One of the biggest struggles of being a blogger is dealing with writers block! In fact, it’s one of the most common fears that holds bloggers back from actually starting their blogs in the first place.
Does the following sound familiar?
“I’m struggling with the idea of coming up with great content on a consistent basis. What if I totally burn out and run out of ideas?”
“I started the process to create my blog, but I’m fearful that I won’t have enough to say!”
This is totally you, right? (It’s totally all of us!)
Don’t worry–while posting great content on a consistent basis may sound like a terrifying task to commit to, it’s really not! Whether you’ve been blogging for 0 days or 5 years, here’s how to ensure you’ll never run out of ideas to write about.
The first and most important step to make sure you never run out of content? Schedule brainstorming sessions. When you sit down and dedicate an hour or so to researching topic ideas, you can plan out your content months in advance!
Sit down in a quiet room, free yourself of distractions (close your email, turn off your phone) and get creative!
(Psssttt…we also made a handy Brainstorming Master Worksheet to help you do just this! Click below to get it, as well as access to our Free Resource Library with other helpful downloads, too!)
Ready? Great! Here are some topic ideas on where to begin:
Check the calendar
Not only does seasonal content make brainstorming a snap, but it’s also great for things like Pinterest and SEO! Your audience is likely going to be looking for seasonal content, so dedicating a few posts to a certain holiday is a no-brainer.
Consider major holidays like Thanksgiving and St. Patrick’s Day as well as silly holidays, like National Guacamole Day or National Puppy Day.
Do a roundup of your favorite content
Roundups are a snap to pull together, and you audience loves to read them! Due to this fact, roundups are great to work into your editorial calendar on a regular basis. They also do extraordinarily well on Pinterest–i.e. 25 spring outfits to wear right now, 12 wardrobe staples every girl needs in her closet, 12 ways to integrate more veggies into your diet, etc.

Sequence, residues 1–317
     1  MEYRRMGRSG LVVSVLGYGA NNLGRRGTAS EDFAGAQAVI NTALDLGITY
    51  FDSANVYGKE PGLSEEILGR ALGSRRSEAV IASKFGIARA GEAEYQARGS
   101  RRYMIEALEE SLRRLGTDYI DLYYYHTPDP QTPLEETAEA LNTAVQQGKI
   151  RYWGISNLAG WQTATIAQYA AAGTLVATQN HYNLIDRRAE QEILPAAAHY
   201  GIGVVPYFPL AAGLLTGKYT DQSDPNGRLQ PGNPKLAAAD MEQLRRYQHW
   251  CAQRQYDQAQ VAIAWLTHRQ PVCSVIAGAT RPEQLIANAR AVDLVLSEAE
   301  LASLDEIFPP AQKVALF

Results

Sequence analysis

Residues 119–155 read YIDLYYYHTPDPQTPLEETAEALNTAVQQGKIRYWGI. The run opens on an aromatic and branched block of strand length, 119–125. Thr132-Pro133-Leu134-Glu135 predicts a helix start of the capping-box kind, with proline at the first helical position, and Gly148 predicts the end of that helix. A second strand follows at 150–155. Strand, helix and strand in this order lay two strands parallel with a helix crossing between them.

The possibilities with roundups are endless–they can be anything from a “links I’m loving” roundup, to recipes, to your favorite Instagrammers, to bloggers, favorite spring shoes, and more.
Create a series
Speaking of doing roundups on a regular basis, it’s a great idea to think of a few “series” topics for your blog. Not only does this make brainstorming easier, but it’s an easy way to create a consistent stream of content.
Your series can be anything under the sun! Some thought starters for series could be–profiling another person, sharing tips on a certain topic, sharing your favorite drugstore buys each month, sharing what you purchased each month, easy cooking tips, etc. They can also be weekly, biweekly, monthly–however often you’d like! It’s always nice to have something planned that doesn’t require extra brain power, and actually will allow more room for creativity in the long run!
A great example of someone who nails series on her blog is Cupcakes and Cashmere. Four of her weekly posts are series. How easy is that?
Do a Q&A
Do a Q&A session with yourself! What are some things your audience doesn’t know about you? I remember one night a couple years or so ago, I was up late with major writers block. I decided to write a “10 things you don’t know about me” post, and I had no idea how it was going to go over. Turns out, it was a huge hit!
Your readers always want to know more about you behind the scenes. A Q&A post is a great way to build a rapport with your audience, and it doesn’t even require any brain power 😉
Conduct a survey